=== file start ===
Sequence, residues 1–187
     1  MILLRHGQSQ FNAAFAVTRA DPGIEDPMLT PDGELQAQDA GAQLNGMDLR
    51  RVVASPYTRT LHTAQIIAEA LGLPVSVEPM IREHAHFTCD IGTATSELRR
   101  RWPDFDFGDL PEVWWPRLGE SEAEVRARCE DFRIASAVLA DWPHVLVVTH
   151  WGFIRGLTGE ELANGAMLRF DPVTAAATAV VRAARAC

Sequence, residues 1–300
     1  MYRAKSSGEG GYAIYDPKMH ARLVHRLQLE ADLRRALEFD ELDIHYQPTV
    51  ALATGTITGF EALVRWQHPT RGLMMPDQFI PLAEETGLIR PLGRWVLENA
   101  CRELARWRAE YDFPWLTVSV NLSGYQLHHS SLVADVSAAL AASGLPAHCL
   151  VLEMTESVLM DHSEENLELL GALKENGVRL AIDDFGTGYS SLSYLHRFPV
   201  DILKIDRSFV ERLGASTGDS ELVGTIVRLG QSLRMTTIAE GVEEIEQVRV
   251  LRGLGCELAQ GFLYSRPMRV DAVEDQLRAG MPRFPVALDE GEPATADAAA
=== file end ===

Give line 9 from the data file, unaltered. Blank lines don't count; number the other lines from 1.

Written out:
   101  CRELARWRAE YDFPWLTVSV NLSGYQLHHS SLVADVSAAL AASGLPAHCL